Are you a Reddit user? Google’s about to feed all your posts to a hungry AI, and there’s nothing you can do about it

Google and Reddit have announced a huge content licensing deal, reportedly worth a whopping $ 60 million – but Reddit users are pissed.

Why, you might ask? Well, the deal involves Google using content posted by users on Reddit to train its AI models, chiefly its newly launched Google Gemini AI suite. It makes sense; Reddit contains a wealth of information and users typically talk colloquially, which Google is probably hoping will make for a more intelligent and more conversational AI service. However, this also essentially means that anything you post on Reddit now becomes fuel for the AI engine, something many users are taking umbrage at.

While the very first thing that came to mind was MIT’s insane Reddit-trained ‘psychopath AI’ from years ago, it’s fair to say that AI model training has come a long way since then – so hooking it up to Reddit hopefully won’t turn Gemini into a raving lunatic.

The deal, announced yesterday by Reddit in a blog post, will have other benefits as well: since many people specifically append ‘reddit’ to their search queries when looking for the answer to a question, Google aims to make getting to the relevant content on Reddit easier. Reddit plans to use Google’s Vertex AI to improve its own internal site search functionality, too, so Reddit users will enjoy a boost to the user experience – rather than getting absolutely nothing in return for their training data. 

Do Redditors deserve a cut of that $ 60 million?

A lot of Reddit users have been complaining about the deal in various threads on the site, for a wide variety of reasons. Some users have privacy worries, some voiced concerns about the quality of output from an AI trained on Reddit content (which, let’s be honest, can get pretty toxic), and others simply don’t want their posts ‘stolen’ to train an AI.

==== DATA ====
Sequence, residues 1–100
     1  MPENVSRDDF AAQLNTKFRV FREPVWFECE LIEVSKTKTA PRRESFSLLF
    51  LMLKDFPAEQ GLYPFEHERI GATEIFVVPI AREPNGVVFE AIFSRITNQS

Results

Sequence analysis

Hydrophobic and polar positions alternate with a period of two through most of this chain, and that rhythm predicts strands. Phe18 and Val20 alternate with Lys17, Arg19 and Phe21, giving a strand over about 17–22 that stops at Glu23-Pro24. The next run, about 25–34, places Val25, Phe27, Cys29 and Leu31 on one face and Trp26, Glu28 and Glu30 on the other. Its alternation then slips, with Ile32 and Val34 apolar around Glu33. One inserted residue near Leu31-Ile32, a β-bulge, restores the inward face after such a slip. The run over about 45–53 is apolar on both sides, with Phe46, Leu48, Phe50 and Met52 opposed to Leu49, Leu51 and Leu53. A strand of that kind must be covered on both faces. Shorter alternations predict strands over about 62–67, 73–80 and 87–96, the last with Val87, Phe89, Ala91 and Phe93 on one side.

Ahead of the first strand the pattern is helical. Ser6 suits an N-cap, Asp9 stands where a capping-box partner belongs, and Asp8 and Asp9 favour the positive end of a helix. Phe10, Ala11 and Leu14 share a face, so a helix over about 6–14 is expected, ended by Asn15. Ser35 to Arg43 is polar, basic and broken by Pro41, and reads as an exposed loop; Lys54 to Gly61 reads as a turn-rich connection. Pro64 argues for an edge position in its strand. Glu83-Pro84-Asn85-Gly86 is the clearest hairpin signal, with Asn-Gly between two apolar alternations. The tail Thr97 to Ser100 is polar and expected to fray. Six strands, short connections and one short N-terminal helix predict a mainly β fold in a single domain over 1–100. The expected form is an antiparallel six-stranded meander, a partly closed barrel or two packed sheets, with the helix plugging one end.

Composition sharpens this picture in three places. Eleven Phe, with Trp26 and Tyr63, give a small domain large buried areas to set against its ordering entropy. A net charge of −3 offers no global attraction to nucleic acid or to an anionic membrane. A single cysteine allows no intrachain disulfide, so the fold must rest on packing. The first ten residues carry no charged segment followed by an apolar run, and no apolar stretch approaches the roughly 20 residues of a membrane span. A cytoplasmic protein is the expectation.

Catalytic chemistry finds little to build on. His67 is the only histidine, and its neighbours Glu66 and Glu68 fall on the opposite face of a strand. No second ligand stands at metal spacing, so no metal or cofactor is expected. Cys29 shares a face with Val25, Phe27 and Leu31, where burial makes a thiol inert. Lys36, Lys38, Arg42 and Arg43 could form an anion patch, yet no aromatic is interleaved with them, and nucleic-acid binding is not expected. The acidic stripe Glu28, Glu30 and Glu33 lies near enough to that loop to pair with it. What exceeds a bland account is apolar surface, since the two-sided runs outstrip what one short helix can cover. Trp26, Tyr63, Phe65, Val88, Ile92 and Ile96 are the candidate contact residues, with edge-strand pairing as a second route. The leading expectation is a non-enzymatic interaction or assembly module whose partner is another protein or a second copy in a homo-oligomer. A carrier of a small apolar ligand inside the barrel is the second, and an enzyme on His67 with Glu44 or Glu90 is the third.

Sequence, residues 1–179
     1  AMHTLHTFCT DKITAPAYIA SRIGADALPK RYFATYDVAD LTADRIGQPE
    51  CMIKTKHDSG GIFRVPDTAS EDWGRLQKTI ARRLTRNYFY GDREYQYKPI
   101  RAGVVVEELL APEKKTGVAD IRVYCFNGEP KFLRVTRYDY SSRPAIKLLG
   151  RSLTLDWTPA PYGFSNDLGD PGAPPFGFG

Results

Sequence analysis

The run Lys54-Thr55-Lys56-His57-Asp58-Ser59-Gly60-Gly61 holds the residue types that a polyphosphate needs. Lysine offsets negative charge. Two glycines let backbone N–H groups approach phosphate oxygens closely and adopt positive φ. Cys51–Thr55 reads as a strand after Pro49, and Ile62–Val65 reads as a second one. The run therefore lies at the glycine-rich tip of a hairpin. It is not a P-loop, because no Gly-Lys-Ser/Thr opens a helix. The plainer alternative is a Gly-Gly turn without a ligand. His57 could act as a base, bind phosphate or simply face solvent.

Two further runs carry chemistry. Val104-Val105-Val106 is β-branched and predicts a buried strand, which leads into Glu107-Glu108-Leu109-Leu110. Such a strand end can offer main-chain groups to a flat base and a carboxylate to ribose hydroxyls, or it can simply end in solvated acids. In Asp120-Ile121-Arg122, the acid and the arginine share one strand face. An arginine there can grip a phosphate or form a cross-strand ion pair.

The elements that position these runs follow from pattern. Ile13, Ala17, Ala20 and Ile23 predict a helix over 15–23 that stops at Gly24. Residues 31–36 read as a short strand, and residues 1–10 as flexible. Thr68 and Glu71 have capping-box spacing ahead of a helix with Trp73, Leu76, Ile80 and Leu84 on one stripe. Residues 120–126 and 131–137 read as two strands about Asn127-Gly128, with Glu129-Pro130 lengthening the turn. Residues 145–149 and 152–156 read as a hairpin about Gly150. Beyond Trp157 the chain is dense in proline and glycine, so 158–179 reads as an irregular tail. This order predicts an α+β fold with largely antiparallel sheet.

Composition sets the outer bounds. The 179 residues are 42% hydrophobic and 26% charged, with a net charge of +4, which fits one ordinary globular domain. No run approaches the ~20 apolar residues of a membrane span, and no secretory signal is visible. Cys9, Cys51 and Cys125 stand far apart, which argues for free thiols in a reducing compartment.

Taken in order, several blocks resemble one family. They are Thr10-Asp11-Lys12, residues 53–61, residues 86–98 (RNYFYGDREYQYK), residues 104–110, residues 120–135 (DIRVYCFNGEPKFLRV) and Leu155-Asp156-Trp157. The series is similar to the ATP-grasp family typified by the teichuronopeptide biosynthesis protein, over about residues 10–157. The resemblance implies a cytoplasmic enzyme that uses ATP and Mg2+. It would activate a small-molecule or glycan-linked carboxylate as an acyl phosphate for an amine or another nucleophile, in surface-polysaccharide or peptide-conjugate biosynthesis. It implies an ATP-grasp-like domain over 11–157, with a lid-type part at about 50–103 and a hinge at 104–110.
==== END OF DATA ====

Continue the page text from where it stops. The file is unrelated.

Unfortunately for any unhappy Redditors, the site’s Terms of Service do mean that Reddit can (within reason) do whatever it wants with your posts and comments. Calling the content ‘stolen’ is inaccurate: if you’re a Reddit user, you’re the product, and Reddit is the one selling. 

Personally, I’m glad to see a company actually getting paid for providing AI training data, unlike the legal grey-area dodginess of previous chatbots and AI art tools that were trained on data scraped from the internet for free without user consent. By agreeing to the Reddit TOS, you’re essentially consenting to your data being used for this.

A person introduces Google Gemini next to text saying it is

Google Gemini could stand to benefit hugely from the training data produced by this content use deal. (Image credit: Google)

Some users are positively incensed by this though, claiming that if they’re the ones making the content, surely they should be entitled to a slice of the AI pie. I’m going to hand out some tough love here: that’s a ridiculous and naive argument. Do these people believe they deserve a cut of ad revenue too, since they made a hit post that drew thousands of people to Reddit? This isn’t the same as AI creators quietly nabbing work from independent artists on Twitter.

At the end of the day, you’re never going to please everyone. If this deal has actual potential to improve not just Google Gemini, but Google Search in general (as well as Reddit’s site search), then the benefits arguably outweigh the costs – although I do think Reddit has a moral obligation to ensure that all of its users are fully informed about the use of their data. 

A few paragraphs in the TOS aren’t enough, guys: you know full well nobody reads those.

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